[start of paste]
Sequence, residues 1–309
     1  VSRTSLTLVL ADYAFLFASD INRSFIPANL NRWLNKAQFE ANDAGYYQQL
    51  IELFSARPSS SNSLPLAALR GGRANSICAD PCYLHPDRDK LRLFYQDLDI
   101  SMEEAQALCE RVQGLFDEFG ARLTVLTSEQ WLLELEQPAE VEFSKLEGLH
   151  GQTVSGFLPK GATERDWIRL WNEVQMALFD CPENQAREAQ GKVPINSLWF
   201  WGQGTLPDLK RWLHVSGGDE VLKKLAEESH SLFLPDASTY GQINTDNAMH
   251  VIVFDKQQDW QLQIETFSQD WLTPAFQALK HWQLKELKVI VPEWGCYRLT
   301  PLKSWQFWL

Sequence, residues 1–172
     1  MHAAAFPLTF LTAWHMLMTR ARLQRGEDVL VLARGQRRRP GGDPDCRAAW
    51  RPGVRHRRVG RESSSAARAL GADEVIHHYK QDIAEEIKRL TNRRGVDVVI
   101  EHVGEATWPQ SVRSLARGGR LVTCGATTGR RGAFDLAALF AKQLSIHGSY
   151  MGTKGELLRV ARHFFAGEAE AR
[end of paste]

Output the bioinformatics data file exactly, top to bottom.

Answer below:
Sequence, residues 1–309
     1  VSRTSLTLVL ADYAFLFASD INRSFIPANL NRWLNKAQFE ANDAGYYQQL
    51  IELFSARPSS SNSLPLAALR GGRANSICAD PCYLHPDRDK LRLFYQDLDI
   101  SMEEAQALCE RVQGLFDEFG ARLTVLTSEQ WLLELEQPAE VEFSKLEGLH
   151  GQTVSGFLPK GATERDWIRL WNEVQMALFD CPENQAREAQ GKVPINSLWF
   201  WGQGTLPDLK RWLHVSGGDE VLKKLAEESH SLFLPDASTY GQINTDNAMH
   251  VIVFDKQQDW QLQIETFSQD WLTPAFQALK HWQLKELKVI VPEWGCYRLT
   301  PLKSWQFWL

Sequence, residues 1–172
     1  MHAAAFPLTF LTAWHMLMTR ARLQRGEDVL VLARGQRRRP GGDPDCRAAW
    51  RPGVRHRRVG RESSSAARAL GADEVIHHYK QDIAEEIKRL TNRRGVDVVI
   101  EHVGEATWPQ SVRSLARGGR LVTCGATTGR RGAFDLAALF AKQLSIHGSY
   151  MGTKGELLRV ARHFFAGEAE AR